Limit progression of joint damage

■ Educate patients about OA and management (Zhang et al., 2008)

The OARSI Guidelines also recommend both nonpharmaco-logic and pharmacologic interventions. OARSI pharmacologic recommendations include the following:

■ Acetaminophen as first-line treatment: limit to 4 grams per day and reduce amount in patients with hepatic or renal disease or alcoholic patients.

■ NSAIDs provide better relief than acetaminophen but have significant, life-threatening, serious adverse effects. Long-term use should be avoided. See information in Section 2, Chapter 3 on risk benefits of NSAID use.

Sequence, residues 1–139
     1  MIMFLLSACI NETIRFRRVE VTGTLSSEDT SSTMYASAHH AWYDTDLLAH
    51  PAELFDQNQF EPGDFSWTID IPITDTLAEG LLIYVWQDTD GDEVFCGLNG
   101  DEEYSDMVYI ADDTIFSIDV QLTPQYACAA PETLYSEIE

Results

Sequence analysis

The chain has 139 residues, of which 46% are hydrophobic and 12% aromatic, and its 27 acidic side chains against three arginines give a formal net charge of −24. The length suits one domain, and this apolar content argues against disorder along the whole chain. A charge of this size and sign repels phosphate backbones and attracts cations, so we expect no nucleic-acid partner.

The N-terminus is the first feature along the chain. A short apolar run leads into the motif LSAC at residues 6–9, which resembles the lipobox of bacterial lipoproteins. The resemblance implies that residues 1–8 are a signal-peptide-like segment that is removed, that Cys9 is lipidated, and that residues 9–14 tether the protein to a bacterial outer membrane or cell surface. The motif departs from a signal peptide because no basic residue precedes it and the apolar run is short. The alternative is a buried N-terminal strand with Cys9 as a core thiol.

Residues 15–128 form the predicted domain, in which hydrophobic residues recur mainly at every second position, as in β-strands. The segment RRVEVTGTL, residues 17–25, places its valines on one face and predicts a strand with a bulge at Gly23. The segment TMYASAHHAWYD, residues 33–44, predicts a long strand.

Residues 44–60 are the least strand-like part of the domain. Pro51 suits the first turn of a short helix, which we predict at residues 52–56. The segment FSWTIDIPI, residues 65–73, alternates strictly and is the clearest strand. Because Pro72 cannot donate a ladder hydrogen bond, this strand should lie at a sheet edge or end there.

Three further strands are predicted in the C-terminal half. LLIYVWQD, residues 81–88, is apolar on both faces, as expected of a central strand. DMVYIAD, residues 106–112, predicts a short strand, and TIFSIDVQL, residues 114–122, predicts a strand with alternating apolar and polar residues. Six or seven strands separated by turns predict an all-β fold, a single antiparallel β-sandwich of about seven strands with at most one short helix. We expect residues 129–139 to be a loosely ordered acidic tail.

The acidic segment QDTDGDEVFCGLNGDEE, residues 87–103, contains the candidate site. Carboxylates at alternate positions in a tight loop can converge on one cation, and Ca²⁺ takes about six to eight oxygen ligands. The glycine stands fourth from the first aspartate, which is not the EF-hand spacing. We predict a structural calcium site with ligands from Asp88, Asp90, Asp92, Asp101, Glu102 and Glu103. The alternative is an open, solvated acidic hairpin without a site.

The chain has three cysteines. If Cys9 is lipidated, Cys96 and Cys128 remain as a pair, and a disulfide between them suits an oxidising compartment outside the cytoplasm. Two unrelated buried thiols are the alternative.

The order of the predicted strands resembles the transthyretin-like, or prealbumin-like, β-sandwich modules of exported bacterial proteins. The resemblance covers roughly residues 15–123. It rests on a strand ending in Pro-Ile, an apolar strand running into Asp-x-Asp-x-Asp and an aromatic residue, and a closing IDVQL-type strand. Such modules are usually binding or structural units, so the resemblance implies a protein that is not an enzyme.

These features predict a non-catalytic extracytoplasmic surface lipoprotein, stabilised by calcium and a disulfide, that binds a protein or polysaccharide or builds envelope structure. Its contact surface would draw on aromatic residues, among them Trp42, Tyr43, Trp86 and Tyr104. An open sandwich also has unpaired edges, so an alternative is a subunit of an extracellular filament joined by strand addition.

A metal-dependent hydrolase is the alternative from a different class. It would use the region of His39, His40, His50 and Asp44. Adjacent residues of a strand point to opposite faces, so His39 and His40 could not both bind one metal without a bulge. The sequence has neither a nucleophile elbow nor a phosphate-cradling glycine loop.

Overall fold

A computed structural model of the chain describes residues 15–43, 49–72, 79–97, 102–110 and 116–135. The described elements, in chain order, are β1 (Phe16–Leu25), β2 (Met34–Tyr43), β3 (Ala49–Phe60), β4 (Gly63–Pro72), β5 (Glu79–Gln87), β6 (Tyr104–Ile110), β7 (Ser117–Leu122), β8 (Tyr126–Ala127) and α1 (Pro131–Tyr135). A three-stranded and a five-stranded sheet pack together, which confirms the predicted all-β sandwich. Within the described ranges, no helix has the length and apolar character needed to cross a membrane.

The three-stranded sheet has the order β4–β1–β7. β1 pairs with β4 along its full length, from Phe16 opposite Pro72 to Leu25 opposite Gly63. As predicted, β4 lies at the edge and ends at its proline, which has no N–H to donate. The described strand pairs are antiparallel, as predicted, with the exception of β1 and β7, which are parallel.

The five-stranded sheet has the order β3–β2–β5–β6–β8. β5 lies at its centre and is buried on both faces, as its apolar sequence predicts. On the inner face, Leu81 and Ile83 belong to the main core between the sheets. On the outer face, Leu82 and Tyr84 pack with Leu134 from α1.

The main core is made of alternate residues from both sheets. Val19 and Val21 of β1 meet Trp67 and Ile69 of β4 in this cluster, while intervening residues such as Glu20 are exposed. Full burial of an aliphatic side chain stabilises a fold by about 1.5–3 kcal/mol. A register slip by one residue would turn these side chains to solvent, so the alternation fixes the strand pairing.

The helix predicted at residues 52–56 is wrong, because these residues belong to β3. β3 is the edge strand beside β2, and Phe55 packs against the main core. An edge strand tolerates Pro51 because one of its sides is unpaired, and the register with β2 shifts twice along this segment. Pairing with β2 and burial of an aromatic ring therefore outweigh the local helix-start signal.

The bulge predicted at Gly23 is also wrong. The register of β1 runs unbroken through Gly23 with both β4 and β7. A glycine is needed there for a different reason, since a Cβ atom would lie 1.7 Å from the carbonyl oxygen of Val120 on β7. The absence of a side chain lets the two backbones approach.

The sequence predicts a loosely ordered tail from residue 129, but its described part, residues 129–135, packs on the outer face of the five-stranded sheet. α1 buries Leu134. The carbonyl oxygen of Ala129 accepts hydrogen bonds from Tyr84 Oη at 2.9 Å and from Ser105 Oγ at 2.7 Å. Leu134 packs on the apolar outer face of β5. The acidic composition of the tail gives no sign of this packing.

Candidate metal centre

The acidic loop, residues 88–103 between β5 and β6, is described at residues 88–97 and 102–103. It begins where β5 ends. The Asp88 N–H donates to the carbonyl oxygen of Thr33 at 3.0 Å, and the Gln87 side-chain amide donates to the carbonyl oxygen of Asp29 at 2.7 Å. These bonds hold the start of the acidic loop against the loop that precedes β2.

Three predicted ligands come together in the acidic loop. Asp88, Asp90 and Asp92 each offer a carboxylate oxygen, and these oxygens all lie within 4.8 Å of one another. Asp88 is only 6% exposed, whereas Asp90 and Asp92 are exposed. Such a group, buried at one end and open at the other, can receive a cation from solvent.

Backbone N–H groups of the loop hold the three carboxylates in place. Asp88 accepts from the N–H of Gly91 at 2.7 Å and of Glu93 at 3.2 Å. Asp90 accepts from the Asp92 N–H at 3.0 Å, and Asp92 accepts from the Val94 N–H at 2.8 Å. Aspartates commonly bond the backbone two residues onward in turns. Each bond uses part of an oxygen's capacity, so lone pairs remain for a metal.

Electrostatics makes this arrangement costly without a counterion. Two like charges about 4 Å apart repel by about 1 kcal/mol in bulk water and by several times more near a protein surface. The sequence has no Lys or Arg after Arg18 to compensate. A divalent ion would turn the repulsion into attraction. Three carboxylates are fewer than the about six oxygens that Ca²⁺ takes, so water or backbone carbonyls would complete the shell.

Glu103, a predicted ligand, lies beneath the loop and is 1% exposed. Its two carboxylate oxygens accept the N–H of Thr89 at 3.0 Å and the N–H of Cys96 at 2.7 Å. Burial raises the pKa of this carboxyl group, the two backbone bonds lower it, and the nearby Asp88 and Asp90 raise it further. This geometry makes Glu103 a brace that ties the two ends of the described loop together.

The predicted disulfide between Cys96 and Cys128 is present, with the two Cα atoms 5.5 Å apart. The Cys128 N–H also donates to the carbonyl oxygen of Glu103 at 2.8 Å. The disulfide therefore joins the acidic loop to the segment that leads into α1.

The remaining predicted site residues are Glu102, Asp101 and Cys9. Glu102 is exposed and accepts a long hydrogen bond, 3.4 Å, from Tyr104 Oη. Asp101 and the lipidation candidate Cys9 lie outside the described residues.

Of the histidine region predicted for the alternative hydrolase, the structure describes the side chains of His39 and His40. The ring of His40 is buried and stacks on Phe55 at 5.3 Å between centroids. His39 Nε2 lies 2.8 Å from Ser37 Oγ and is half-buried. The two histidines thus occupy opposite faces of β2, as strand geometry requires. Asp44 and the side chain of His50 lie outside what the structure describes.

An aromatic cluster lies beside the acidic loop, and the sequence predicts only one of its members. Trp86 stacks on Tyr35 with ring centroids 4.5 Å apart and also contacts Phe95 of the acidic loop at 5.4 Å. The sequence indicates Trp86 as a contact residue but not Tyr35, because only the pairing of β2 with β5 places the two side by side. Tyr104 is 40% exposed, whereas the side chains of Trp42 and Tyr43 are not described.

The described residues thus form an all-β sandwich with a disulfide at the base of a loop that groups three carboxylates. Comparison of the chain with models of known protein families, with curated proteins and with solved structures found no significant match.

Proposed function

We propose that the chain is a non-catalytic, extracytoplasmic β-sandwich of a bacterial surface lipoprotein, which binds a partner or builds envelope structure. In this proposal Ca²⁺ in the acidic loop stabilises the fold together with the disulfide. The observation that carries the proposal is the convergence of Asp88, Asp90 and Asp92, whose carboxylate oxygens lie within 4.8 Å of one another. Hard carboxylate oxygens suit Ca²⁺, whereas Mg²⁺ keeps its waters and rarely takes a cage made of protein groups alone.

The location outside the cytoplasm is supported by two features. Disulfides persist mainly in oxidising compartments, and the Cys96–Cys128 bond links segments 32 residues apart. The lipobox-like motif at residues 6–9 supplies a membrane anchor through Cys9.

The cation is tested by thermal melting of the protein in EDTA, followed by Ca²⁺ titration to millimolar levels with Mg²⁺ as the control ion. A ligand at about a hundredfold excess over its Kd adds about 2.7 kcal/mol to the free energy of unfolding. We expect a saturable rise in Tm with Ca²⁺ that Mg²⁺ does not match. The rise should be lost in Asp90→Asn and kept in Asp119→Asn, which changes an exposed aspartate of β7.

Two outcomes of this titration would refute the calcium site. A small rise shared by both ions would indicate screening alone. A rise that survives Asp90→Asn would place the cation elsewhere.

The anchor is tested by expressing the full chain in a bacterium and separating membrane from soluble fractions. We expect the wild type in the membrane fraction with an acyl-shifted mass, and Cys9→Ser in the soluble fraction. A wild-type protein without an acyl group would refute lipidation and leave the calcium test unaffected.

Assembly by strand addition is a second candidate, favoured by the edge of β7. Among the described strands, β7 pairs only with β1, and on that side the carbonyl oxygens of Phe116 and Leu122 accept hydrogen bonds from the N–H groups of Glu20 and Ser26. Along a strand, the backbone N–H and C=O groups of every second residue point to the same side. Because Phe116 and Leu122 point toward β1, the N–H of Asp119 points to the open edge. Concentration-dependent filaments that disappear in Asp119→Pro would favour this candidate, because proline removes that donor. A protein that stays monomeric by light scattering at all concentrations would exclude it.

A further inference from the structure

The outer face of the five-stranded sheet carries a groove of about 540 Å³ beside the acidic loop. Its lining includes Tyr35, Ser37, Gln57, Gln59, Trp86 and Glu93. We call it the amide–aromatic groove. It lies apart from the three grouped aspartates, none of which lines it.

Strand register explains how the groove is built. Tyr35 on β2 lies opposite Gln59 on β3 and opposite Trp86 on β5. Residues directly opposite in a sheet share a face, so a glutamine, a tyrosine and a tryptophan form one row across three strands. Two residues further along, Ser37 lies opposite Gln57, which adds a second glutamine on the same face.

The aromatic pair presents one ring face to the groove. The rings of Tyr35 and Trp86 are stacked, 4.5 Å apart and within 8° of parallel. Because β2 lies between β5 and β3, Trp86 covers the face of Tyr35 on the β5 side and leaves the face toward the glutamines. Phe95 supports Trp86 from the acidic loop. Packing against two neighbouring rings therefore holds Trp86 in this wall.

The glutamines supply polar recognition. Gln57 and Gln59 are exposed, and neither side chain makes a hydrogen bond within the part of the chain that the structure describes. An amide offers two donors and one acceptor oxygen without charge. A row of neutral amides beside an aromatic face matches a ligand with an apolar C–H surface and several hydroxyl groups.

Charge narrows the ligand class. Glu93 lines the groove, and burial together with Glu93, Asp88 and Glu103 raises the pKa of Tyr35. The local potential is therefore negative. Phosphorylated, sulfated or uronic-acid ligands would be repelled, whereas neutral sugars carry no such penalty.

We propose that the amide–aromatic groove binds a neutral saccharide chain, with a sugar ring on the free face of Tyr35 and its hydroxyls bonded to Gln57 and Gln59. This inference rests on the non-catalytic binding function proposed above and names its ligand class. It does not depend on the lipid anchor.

■ Topical medications, such as capsaicin, and topical NSAIDs, such as diclofenac, may also have risk-benefit recommendations related to side effect profile.

■ Trial opioid therapy when other agents are ineffective or contraindi-cated. The American Geriatrics Society endorses the use of opioids in older patients when severe pain, pain-related functional impairments, or decreased quality of life is due to pain (see Section 2, Chapter 4 for choices of opioids).

■ Glucosamine or chondroitin sulfate may provide some symptomatic relief.

■ Intra-articular injections may provide relief.

OARSI nonpharmacologic recommendations include the following:

■ Patient education on osteoarthritis and self-management

■ Physical therapy to decrease pain and improve function

■ Aerobic activity to maintain muscle strength, such as water aerobics

Was this article helpful?

0 0

Post a comment